Saturday, June 13, 2009

Why community music matters

Community music is incredily important, but it seems that here in Australia fewer and fewer people participate. You only have to go to an ANZAC day dawn service, or carols by candlelight, to hear how afraid people are to sing out loud and sing out strong. That's because people don't really sing anymore. Growing up in a Christian family, attending a christian school, you really take singing for granted. Outside of the church it's a different story...few sing, and when they do, they are terrible. When was the last time you heard someone singing happy birthday in tune? Does anyone even know the tune anymore? They've still just about got the rhythm, but the pitch is gone. How long before the rhythm is gone too? Sharing the singing of a song which has words everyone can believe in is a wonderful, joyous experience. That's the church's big 'secret' weapon. I see sports clubs still using it too. I think solidiers still sing songs while they're doing their training together too, at least, they do in the movies. But the general public is falling mute. It's very sad. That's why I'm starting a community group for songwriters. There's alot of people writing songs who never get heard, and if you compare them to the radio, then perhaps that seems correct. However, after years of listening to songs, I'm not so fussed about what's in the charts, though I still like to know what's current. What's really moving isn't someone trying to get me to buy their record. It's someone sharing the contents of their mind with me and striving to communicate more effectively. That person is someone I can be friends with. Maybe it's the same with blogs?

On feedback and critcism of music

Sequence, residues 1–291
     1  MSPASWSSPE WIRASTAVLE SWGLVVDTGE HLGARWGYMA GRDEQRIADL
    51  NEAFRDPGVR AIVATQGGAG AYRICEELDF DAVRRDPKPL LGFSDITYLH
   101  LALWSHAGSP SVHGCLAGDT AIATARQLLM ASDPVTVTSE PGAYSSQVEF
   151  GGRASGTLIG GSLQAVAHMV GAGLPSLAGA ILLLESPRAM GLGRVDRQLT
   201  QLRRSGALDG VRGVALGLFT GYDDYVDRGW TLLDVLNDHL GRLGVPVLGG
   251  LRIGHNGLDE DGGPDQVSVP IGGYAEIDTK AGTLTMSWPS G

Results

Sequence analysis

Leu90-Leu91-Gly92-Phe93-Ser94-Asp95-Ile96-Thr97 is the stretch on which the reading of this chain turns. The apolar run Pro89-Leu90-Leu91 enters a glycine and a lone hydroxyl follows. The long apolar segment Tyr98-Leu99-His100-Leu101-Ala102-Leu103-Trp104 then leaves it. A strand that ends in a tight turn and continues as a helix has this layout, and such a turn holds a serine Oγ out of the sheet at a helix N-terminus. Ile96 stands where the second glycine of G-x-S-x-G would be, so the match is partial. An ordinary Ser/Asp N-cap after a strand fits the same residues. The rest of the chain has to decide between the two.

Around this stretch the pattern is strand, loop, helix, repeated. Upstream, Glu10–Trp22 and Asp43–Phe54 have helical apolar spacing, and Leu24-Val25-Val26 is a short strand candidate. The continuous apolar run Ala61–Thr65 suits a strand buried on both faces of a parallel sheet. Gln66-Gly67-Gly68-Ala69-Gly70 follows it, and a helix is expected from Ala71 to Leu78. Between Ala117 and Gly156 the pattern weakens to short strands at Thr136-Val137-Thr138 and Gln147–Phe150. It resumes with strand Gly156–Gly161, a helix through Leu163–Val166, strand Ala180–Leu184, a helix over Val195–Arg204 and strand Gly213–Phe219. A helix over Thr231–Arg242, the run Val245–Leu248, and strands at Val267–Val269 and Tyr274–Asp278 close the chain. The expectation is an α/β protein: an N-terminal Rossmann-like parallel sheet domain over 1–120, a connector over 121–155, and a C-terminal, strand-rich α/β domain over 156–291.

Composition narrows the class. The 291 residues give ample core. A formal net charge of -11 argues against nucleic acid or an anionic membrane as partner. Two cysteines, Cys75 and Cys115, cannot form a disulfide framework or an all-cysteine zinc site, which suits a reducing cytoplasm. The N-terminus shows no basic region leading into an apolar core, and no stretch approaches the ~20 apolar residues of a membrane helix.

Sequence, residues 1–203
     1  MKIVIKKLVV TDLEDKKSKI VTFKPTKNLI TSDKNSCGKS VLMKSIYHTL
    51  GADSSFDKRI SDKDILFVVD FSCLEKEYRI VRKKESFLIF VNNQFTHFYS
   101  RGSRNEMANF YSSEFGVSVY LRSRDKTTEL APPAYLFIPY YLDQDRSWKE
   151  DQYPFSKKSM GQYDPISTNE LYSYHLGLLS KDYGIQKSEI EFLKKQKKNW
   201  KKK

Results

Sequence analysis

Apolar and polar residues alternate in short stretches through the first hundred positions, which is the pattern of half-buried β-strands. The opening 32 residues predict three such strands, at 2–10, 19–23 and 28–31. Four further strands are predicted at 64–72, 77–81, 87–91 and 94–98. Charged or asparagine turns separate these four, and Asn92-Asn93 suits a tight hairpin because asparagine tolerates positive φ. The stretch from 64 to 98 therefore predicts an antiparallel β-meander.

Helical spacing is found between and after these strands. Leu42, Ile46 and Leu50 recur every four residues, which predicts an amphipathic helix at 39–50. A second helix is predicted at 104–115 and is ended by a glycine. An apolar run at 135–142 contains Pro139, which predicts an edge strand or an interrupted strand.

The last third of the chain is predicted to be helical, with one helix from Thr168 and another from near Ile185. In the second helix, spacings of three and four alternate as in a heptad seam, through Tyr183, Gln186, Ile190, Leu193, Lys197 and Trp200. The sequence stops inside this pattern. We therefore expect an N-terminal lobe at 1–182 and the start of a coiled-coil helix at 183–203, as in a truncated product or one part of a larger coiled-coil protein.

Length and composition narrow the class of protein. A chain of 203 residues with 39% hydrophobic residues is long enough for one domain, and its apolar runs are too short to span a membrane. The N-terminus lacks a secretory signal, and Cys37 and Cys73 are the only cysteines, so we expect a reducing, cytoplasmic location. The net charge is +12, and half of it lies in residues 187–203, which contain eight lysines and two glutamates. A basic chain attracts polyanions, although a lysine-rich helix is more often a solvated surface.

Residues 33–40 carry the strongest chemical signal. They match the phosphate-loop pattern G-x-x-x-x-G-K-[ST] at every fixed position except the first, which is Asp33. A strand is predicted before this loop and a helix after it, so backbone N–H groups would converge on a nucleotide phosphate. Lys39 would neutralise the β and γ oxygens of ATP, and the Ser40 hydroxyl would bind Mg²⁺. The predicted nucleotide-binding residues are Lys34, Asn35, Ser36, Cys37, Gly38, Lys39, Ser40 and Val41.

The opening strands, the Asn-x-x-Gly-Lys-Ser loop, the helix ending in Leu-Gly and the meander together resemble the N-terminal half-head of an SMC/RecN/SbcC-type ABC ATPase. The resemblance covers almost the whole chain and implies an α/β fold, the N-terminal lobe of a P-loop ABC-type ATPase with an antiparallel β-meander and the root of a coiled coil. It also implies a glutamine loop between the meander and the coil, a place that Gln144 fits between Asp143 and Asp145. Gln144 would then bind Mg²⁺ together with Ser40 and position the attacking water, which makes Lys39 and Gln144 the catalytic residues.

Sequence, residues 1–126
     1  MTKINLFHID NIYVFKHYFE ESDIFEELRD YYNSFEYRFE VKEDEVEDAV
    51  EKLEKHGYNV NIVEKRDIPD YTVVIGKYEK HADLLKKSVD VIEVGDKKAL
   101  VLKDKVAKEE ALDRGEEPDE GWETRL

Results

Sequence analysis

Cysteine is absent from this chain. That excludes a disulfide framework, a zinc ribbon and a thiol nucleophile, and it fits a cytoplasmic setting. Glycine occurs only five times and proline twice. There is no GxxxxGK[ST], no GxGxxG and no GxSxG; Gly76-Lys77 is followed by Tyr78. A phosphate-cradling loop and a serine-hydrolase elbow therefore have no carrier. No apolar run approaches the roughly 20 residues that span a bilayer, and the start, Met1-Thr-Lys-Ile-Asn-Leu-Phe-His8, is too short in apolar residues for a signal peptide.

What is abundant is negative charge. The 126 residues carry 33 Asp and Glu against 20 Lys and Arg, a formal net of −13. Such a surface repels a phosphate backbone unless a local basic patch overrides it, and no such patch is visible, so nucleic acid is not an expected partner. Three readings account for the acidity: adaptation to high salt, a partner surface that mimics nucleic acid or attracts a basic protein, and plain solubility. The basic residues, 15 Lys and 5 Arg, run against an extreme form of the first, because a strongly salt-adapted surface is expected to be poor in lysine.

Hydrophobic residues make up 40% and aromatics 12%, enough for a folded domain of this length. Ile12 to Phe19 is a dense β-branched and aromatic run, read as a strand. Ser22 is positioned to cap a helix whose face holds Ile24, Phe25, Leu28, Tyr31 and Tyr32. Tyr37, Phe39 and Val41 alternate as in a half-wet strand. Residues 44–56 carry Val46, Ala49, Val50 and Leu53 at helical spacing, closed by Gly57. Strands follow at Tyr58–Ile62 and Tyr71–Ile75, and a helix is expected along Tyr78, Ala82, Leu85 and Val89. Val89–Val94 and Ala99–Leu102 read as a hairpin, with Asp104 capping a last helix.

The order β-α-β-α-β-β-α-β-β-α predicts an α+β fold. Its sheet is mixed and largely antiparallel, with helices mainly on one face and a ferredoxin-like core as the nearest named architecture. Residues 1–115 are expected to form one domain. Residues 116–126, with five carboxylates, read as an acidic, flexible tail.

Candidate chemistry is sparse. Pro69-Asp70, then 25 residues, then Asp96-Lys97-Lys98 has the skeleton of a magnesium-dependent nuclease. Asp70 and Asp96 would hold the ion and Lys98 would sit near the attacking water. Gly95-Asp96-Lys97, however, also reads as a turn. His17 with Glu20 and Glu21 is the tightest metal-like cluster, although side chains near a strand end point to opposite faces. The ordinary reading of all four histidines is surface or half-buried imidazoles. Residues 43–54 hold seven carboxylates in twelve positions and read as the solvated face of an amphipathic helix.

There are very few good critics in the world. As someone who has been writing songs for a long time, I've gradually, and painfully, learned that not everyone has some thing to say that you need to pay attention to. These days I take postive comments about my songs with a smile, and I take negative comments critically. A person who says that your song 'needs more oomph' or 'is too flat' is not offering you useful feedback. They are just using unecessary words to tell you something you can see from their face: they didn't enjoy your song. If you try to imbue these words with meaning you are only hurting yourself and your pride in your work. Everyone who likes music wants to believe they have somthing useful to say about it. Unfortunately, that just isn't true. These days I only listen to people who can give me very specific pointers eg 'the title is in the wrong place', 'that phrase syncopates badly at bar 100', and so on. I will only accept what they say if they have some qualification to back them up - either academic or real world.

Friday, June 12, 2009

The music business

Think about how much the music business is really about what other people listen to, about what other people think is cool. It's called the herd instinct. Music seems to be, for the most part, something that humans use to *ahem* lubricate the mating game. Once the mating has happened, the mortgage, the kids, the job and the car seem to take over, and no one has time for music anymore....well a few do, but they're just loons. Fruit loops. Like me!

My mission is to celebrate the ordinary everyday emotions that people experience. What's wrong with that? I'd like to know! After all, why can't I celebrate being bored at work? Why can't I celebrate the sun at lunchtime? Why can't I celebrate the fact that as I travel on the train everyday I'm overtaking those suckers on the freeway? More importantly, why can't it be just as much fun to listen to those emotions as to hearing about someone else's love affair, which is what most songs seem to be about. I'm not going to live a soap opera just to find material for songs.

Thursday, June 11, 2009

It's all content.

Hi Reader!

Congratulations, you have arrived at the blog of a total and utter fruit loop. I'll be writing about songs and music, mostly, from my unique perspective - the total outsider. I am just the right side of normal, but I have few allegiances. Maybe that's because of my upbringing - I moved every 3 years of my life so far (now age 34) all over the world. My only allegiance is to the truth, and to writing songs.

I think I'll leave it at that for now.